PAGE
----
0

John Dewey once observed that more of our time than most of us care to admit is spent “trifling with mental pictures, random recollections, pleasant but unfounded hopes, flitting, half-developed impressions.”

This sentence is from "Beyond feelings, a guide to critical thinking".

I could analyze it to this extent:

"John Dewey" is subject, "once observed " is the verb phrase. and all the content after "that" is the object of "once observed". But I don't know how to deconstruct it:

more of our time than most of us care to admit is spent “trifling with mental pictures, random recollections, pleasant but unfounded hopes, flitting, half-developed impressions.”

What's the meaning of "care to admit"? Maybe they have some other meaning which blocks me to understand this statement.

5
  • Do you want the syntax of the noun clause object? It's more (subject) is spent (passive verb) trifling (participial complement clause, or possibly adverbial clause). Do you want the meaning of care to admit? It's that most of us spend our time with trifles but we don't want to admit to that.
    – deadrat
    Sep 1 '16 at 7:50
  • I'd say that the subject of the content clause (it's not an object) is "more of our time than most of us care to admit", and "trifling with mental pictures, random recollections, pleasant but unfounded hopes, flitting, half-developed impressions" a gerund-participial clause as manner adjunct.
    – BillJ
    Sep 1 '16 at 8:09
  • Deadrat. Thanks for you reply. Your understanding is almost same as mine. But this explanation couldn't make sense on the "more... than..." structure. What's the meaning of the "than most of us", who is comparing with the "most of us" in this sentence? Is the "than most of us to do something" same as "most of us don't want to do something"? So this "than" has no any relationship with the prior "more"? It's just a special usage? Is my understanding right? Sep 1 '16 at 8:19
  • BillJ, thanks! I fully understood it now. "more of our time than most of us care to admit" should be the subject of this clause. But its full format should be: "more of our time than the time most of us care to admit" Because of the redundancy, the writer omits "the time". Sep 1 '16 at 8:26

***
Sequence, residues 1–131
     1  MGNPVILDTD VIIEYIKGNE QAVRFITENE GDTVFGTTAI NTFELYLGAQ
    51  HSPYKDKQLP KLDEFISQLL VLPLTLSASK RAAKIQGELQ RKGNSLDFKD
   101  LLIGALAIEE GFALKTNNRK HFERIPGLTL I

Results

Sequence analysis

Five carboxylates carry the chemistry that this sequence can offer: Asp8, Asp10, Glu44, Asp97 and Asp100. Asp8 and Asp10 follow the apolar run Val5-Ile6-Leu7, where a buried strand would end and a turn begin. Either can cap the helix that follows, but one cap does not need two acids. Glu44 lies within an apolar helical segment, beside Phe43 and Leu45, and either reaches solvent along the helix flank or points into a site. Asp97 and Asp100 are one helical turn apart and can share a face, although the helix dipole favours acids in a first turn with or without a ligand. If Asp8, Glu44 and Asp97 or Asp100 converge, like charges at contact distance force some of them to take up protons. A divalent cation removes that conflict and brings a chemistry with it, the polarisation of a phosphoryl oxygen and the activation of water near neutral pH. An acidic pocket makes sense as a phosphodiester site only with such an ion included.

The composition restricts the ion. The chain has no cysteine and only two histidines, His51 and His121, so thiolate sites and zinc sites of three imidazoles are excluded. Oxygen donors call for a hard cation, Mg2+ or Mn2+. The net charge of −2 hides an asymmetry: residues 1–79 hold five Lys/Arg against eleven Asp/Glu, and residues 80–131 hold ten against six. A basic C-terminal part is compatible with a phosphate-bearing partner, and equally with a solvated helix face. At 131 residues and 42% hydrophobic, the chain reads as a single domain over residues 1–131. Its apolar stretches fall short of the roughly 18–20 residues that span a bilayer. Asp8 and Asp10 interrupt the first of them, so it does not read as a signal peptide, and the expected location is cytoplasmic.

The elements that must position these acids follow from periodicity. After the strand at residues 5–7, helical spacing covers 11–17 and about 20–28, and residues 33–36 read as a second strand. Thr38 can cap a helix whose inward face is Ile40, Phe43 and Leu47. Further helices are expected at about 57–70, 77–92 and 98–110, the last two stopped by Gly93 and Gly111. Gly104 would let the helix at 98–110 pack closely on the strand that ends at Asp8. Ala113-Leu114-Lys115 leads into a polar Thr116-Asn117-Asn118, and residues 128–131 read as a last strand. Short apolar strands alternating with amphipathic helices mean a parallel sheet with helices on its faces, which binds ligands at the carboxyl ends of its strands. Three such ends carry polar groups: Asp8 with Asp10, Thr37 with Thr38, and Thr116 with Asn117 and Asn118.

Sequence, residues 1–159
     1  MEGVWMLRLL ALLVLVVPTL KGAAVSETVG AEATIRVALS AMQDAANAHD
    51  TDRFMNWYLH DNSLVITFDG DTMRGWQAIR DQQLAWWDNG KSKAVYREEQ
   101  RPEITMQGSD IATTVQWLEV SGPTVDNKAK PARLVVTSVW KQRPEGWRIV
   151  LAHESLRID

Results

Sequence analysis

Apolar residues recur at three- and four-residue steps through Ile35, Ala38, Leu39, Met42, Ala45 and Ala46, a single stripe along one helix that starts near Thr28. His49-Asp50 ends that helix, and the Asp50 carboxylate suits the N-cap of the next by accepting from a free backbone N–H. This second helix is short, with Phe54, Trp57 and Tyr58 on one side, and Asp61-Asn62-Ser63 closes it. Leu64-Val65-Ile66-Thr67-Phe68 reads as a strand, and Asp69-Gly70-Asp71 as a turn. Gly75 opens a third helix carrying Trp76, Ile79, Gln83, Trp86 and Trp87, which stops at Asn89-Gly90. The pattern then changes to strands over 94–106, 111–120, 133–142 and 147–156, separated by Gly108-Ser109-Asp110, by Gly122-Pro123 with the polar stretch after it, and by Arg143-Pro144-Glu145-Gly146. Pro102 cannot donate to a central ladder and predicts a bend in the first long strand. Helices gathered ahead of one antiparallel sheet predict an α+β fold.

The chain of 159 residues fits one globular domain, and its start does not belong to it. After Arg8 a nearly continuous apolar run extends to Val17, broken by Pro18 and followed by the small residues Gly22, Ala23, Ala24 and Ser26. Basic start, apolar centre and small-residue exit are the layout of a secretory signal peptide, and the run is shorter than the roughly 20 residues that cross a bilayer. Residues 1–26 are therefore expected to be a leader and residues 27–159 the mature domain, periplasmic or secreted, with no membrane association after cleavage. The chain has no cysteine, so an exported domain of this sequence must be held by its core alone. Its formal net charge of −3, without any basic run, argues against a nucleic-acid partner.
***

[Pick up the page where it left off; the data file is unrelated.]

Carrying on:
• Yes, comparative clauses are obligatorily 'reduced' in some way.
    – BillJ
    Sep 1 '16 at 8:40
0

Thanks for BillJ's help. I believe this is the correct answer: "more of our time than most of us care to admit is spent" is the subject of the clause. This subject full format should be:

"more of our time than the time most of us care to admit"

"the time" is omitted and the "most of us care to admit" is another attributive clause for the missed "the time". This is my obstacle to fully understand the whole sentence.

And the “trifling with mental pictures, random recollections, pleasant but unfounded hopes, flitting, half-developed impressions.” is the adjunct.

2
  • I'd say that the subject is just "more of our time than most of us care to admit" ("the verb phrase "is spent" is part of the predicate). I think it would be better to say that the 'reduction' is represented by an understood subordinate clause. "Most of us care to admit __" is a comparative clause where the gap represents an omitted, but understood, subordinate clause such as "spending so much time".
    – BillJ
    Sep 1 '16 at 9:49
  • Yes, BillJ, it's right. I feel we two have learned different English grammar, but it doesn't matter, both could help us understand the statements. Sep 1 '16 at 18:03

Your Answer

By clicking “Post Your Answer”, you agree to our terms of service, privacy policy and cookie policy

Not the answer you're looking for? Browse other questions tagged or ask your own question.